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US Republican chair admits tough 'political times'

Top U.S. Republicans, stung by election defeats last week, acknowledged political problems on Sunday but rejected predictions that Democrats would win back control of the U.S. Congress next year.
/ Source: Reuters

Top U.S. Republicans, stung by election defeats last week, acknowledged political problems on Sunday but rejected predictions that Democrats would win back control of the U.S. Congress next year.

"There is no question we're in difficult political times," Republican Party Chairman Ken Mehlman told NBC's "Meet the Press."

But Mehlman said Congress and the nation would make progress in coming months on a host of fronts -- from the Iraq war to energy independence to reducing the federal deficit -- that should put them in a better position in 2006 when all 435 House of Representative seats and 33 of the 100 Senate seats will be up for election, as well as 36 governorships.

"All of these are priorities, all of these are reforms," Mehlman said. "And I'm confident that next year, we're going to maintain our majorities in the House and Senate."

In elections that focused state and local offices, Democrats won governor races in Virginia and New Jersey last week. The results raised their hopes that they will regain control of Congress in the 2006 elections largely because of public discontent with President George W. Bush and his increasingly unpopular war in Iraq.

This uneasiness has also been seen in Congress where Bush's fellow Republicans have challenged him in recent weeks on matters from proposed tax cuts to his Supreme Court nominee Harriet Miers, who withdraw in face of a conservative rebellion.

REPUBLICAN COURSE CORRECTION?

Members of both political parties sparred on television talk shows over their predictions for the U.S. political future.

Arkansas Gov. Mike Huckabee, a Republican, told CBS's "Face the Nation," "The good news is this is a mid-term election and we've got next year to make some course corrections."

Republican Sen. John McCain of Arizona, who is a potential 2008 presidential candidate, told CBS that Republicans had to get back on track with an agenda.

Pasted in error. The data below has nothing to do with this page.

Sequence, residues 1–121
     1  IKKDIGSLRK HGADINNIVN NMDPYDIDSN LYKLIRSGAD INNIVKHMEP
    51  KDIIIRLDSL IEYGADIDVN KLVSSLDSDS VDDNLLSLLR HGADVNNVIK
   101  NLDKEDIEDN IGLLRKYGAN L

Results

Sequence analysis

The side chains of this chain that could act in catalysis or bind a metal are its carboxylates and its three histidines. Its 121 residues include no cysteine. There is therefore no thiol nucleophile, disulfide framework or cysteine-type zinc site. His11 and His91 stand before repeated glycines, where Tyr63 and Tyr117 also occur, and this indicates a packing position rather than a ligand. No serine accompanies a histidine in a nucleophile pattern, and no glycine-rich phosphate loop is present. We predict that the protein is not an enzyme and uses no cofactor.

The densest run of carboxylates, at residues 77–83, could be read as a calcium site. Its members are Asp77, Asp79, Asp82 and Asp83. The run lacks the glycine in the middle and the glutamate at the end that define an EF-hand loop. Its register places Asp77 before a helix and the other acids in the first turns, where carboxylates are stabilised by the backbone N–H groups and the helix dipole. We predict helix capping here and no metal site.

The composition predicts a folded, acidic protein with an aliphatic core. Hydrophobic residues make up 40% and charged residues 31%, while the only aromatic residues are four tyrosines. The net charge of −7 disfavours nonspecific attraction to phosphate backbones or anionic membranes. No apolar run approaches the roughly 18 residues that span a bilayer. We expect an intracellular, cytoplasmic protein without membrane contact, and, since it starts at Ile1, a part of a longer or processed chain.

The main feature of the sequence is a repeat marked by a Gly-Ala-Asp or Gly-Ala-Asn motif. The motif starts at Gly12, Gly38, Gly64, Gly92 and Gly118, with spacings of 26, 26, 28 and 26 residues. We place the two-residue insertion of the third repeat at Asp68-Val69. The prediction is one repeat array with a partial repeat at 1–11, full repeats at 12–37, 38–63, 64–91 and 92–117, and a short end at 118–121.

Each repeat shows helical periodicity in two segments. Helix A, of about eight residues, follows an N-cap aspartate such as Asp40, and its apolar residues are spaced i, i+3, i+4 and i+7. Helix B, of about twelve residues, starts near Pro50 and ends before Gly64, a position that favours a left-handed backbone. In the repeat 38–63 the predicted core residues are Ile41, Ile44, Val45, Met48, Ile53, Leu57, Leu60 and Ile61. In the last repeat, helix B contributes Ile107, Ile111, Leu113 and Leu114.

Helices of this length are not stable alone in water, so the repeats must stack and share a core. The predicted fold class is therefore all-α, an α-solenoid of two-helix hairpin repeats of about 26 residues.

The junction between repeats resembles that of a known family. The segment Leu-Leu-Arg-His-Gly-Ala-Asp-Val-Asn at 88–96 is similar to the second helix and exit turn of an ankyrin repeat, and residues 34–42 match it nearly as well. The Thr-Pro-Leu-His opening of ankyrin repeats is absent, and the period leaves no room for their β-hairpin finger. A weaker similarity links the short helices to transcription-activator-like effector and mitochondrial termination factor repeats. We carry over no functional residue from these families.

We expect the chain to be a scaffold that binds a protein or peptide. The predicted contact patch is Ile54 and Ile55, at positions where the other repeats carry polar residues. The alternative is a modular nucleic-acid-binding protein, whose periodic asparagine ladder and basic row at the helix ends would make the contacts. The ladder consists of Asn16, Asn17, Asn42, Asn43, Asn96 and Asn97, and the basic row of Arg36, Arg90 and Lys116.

"We've got to get back on an energy policy, immigration reform, we've got to make progress on the war in Iraq," he said."

Democratic Party Chairman Howard Dean was optimistic on his party's chances to win back Congress in 2006. "Yes, we can and we will," he said on "Meet the Press."

"The truth is when the American people want real change they'll have it. And this time they are going to get real change," he said.

Republican Sen. Elizabeth Dole of North Carolina mocked talk that Democrats would win back Congress in 2006. She noted that Senate Minority Leader Harry Reid admitted just months ago it would take "a miracle" for his part to regain control of the the Senate.

Appearing with Dole on ABC's "This Week," Democratic Sen. Charles Schumer of New York fired back: "George Bush has given us that miracle."

"I think if the election of 2006 were held last Tuesday, you'd be talking about Majority Leader Harry Reid," Schumer said.

"We're ahead by a lot," Schumer said. "The American people feel that the country is headed in the wrong direction. And George Bush just continues to head in that wrong direction."

Rep. Tom Reynolds of New York, chairman of the House Republican campaign committee, said he sees no need for "a course correction" within his party.

"I think we're having a policy debate inside the House Republican majority that will get completed," Reynolds told ABC's "This Week."